One straightforward way to cultivate perspective sharing is to use “I statements." So instead of saying, “You never clean up the house!” instead try, “I get frustrated when I come home and the house is dirty." That’s far less likely to make your partner defensive than, “You said you were going to clean up today!” To which, they are likely to respond with another “you statement”: “Well you don’t always clean up when you’re with the kids either!” It’s a cycle that goes nowhere good.

Using “I” statements helps your partner understand how your brain works, and also gives you insight into how their brain works. Take turns sharing your perspectives. “I thought you were going to clean up the house” more easily leads to, “I thought it was more important to spend time with the kids." You don’t necessarily have to agree, but now you have a foundation to work from.

2. Aim for empathy.

A key part of understanding your partner’s perspective is really listening to what they are saying. Too often when someone else is talking we are thinking about what we will say next. We are formulating our rebuttal. Try instead to really, truly listen to your partner and understand what they are saying. There is research showing that empathy builds connection to other people, which is good for our health and well-being, in addition to our relationships!

The other great thing is that empathy can be cultivated. One of the ways to grow empathy is to nurture gratitude. Try to remind yourself of your partner’s strengths, of all the ways they enrich your life, of what your life would be like if they weren’t in it. Yes, there may be fewer socks left on the floor (sigh), but hopefully, the joy they bring into your life makes a few stray socks worth it.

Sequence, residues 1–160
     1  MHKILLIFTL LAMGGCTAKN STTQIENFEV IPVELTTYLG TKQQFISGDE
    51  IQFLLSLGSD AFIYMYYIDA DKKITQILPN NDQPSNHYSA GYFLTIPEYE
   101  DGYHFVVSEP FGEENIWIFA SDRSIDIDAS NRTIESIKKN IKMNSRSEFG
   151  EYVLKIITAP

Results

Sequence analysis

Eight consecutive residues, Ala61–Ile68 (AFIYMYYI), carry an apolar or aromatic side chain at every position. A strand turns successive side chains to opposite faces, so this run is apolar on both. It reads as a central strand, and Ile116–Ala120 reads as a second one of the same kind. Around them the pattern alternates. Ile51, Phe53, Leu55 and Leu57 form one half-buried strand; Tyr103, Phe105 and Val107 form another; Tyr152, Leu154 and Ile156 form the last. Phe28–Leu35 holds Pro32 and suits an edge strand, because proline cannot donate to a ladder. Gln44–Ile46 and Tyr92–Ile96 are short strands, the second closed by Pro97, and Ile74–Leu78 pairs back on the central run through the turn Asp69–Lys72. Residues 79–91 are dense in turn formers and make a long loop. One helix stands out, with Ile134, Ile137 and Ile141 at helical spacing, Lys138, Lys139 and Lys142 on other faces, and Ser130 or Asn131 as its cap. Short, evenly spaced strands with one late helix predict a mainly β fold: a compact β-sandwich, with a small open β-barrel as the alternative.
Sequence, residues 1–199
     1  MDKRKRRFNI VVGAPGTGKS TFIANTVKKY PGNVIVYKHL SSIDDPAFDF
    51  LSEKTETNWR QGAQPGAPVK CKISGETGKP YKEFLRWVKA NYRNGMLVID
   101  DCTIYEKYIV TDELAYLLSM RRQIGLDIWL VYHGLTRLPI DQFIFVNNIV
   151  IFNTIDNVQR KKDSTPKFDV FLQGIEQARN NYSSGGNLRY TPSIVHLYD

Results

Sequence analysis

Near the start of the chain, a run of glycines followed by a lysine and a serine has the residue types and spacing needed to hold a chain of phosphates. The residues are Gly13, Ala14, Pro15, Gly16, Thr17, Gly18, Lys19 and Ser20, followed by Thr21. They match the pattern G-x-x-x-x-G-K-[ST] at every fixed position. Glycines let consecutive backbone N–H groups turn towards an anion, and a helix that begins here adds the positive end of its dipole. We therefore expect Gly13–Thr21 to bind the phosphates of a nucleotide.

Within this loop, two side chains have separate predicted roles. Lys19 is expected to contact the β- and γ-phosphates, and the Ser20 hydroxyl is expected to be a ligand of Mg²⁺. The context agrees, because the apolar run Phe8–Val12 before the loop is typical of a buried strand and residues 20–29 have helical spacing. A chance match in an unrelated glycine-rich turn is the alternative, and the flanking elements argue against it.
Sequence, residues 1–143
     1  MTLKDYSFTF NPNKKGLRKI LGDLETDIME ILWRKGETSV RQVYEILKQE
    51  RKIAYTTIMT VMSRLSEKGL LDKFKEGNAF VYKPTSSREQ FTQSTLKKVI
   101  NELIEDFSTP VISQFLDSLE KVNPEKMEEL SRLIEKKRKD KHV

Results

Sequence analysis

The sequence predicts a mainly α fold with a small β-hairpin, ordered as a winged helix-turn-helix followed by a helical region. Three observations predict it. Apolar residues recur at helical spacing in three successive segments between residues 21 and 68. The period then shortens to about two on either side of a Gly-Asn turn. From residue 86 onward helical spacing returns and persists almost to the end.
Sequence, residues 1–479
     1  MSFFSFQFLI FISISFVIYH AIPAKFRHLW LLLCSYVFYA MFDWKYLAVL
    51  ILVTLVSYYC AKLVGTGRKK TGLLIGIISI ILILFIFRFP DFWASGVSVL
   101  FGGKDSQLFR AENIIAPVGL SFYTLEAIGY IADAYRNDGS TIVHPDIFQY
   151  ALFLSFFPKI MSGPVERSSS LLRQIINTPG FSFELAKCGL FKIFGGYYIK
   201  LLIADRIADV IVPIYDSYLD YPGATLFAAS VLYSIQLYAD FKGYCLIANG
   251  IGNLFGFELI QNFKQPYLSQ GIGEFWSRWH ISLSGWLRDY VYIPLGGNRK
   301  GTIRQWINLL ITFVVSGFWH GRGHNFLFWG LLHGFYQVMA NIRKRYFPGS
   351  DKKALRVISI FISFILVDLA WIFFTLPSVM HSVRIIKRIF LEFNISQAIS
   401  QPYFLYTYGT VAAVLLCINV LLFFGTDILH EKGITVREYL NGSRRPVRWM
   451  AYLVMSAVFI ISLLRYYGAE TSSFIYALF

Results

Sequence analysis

There is also evidence that gratitude makes us better at considering others' feelings. So, when you feel yourself getting upset with your partner, it can help to take a deep breath and remember the things you love about them before you start the conversation. (Hint: It’s good to have a few of these thought through beforehand so you can readily retrieve them; it’s harder to conjure up their best qualities when you’re staring at a pile of laundry.)

3. Get on the same team.

Too often when we have differences with our significant other, we approach our partner as the adversary. "I want to do it this way, and they are making it difficult! Why won’t they just see it my way?" The reality is that they can’t.

I will admit this is one of the hardest things for me to accept. The problem is that I think if I can just get my significant other to see my logic, if I can just explain my thinking sufficiently, they will adopt my perspective (read: agree with me, see I wasn’t at fault, or see that my way is better). But here’s why that doesn’t work. Their brain is coded differently. So, your partner might understand what you’re saying, but that doesn’t guarantee they will see it your way.

The way to get around this is that rather than focusing on the other person as the problem, or trying to sway them to your perspective, focus on the problem itself. Reframe the issue as a common problem that the two of you have to tackle (e.g., how is the dishwasher going to get loaded without someone getting mad; how are we doing to balance your need to spend time with the children with my need for help around the house). After all, there’s a reason that you’re called partners. Sometimes the best thing to do when you’re upset with yours is to step away and decide on a time when the two of you will come back together with the mindset of tackling the problem as a team.

More from Danielle M. Dick, Ph.D.